Sageman says the international media’s image of the jihadist as an desperate, brainwashed young bachelor with no diploma is usually false, but are all his assessments convincing?
The stereotype of the poor, uneducated jihadist is largely incorrect, and this does not surprise anybody who has looked closely at the matter. At least a half of international jihadists have a solid upper-middle class background, and around 15% are even richer. The poor are a significant minority, except in the Maghreb region (which includes Western Europe, for Sageman). Most of the converts, however, are from disadvantaged classes.
Sageman also says international jihadists are neither ignorant nor deprived from access to education. Their level of education is well above the international average, and well above the average in the Global South. Moreover, if we ignore the Maghreb region, the average education level of jihadists is even higher.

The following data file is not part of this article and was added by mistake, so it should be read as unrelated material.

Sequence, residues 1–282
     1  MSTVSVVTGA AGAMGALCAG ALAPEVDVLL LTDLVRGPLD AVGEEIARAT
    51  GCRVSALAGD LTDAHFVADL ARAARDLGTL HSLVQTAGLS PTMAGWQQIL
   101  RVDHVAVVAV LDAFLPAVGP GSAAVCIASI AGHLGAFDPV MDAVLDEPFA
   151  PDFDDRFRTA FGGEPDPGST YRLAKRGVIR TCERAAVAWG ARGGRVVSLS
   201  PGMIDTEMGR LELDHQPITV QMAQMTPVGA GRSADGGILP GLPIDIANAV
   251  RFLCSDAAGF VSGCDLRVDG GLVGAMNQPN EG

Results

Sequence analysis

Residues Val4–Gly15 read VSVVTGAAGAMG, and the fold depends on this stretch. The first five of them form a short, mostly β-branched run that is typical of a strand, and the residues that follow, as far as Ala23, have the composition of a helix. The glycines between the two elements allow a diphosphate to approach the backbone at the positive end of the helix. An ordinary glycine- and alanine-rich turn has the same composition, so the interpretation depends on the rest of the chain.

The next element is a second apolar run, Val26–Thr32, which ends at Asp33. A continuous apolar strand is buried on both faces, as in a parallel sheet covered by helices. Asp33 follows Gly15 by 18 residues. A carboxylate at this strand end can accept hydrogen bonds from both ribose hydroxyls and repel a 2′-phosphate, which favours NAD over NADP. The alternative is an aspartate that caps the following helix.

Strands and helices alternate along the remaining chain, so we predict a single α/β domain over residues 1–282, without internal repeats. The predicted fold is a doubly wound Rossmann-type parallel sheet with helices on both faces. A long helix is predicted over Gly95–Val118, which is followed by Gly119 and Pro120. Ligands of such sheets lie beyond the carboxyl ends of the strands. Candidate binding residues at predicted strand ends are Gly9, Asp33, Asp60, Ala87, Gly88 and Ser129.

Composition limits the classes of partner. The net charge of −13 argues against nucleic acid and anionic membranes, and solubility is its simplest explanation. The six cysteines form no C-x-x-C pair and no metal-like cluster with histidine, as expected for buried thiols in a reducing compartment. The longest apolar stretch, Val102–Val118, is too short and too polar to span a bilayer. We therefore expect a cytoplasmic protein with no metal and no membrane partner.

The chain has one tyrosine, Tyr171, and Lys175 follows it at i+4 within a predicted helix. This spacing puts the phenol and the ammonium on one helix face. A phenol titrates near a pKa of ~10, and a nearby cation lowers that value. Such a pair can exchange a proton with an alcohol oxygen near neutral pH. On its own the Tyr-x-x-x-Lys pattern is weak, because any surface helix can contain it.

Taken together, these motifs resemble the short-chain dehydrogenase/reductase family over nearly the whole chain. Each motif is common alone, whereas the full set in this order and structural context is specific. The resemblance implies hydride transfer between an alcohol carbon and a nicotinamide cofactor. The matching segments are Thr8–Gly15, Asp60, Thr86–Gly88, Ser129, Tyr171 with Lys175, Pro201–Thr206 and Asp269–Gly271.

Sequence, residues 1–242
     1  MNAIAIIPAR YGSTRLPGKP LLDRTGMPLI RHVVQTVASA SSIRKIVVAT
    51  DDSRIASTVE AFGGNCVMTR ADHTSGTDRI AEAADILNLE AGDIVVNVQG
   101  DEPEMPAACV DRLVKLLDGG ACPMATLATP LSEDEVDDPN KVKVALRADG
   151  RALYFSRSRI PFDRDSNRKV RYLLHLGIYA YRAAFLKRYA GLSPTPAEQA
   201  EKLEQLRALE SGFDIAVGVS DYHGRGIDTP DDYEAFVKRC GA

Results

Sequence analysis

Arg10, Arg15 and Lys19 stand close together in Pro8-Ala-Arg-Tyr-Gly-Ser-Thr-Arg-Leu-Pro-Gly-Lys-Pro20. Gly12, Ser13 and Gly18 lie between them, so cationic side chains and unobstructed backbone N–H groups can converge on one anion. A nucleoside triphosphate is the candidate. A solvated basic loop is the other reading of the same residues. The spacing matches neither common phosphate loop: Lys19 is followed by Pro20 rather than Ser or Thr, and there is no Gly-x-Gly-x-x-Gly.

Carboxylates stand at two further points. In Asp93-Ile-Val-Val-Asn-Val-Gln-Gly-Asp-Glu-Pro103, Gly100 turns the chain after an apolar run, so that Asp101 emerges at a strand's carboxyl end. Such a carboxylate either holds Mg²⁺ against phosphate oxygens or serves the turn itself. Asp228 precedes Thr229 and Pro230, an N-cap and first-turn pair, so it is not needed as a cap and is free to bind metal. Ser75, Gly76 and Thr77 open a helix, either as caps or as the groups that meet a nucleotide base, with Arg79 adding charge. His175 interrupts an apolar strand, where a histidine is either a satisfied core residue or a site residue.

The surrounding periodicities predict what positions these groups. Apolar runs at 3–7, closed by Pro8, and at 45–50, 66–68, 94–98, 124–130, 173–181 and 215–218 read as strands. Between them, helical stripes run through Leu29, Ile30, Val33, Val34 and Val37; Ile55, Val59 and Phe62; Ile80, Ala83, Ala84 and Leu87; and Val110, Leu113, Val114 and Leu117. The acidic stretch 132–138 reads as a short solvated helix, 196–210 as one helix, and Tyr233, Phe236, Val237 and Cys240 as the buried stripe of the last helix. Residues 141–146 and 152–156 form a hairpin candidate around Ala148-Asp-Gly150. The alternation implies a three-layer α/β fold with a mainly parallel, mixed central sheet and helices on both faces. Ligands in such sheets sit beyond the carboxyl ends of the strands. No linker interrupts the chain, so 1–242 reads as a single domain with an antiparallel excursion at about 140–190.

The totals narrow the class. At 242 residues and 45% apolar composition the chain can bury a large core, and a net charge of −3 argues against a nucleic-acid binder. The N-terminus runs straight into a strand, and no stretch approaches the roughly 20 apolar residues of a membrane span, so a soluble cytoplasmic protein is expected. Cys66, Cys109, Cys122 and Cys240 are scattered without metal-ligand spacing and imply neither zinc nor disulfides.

The author also makes some interesting points: most international jihadists are better educated than their parents, who did not became jihadists. In addition, many of them are well-travelled, so Sageman assumes they know the world and are definitely not narrow-minded ethnocentrists. He adds, therefore, that we cannot say they were brainwashed.
Let us pause for a moment. Sageman claims more than once his research destroys the stereotypes. He may be destroying the medias’ discourse. However, for anyone who has carefully studied the issue, all this is banal stuff — there is until now nothing new under the sun. Most of his findings can be found in Kepel’s early works.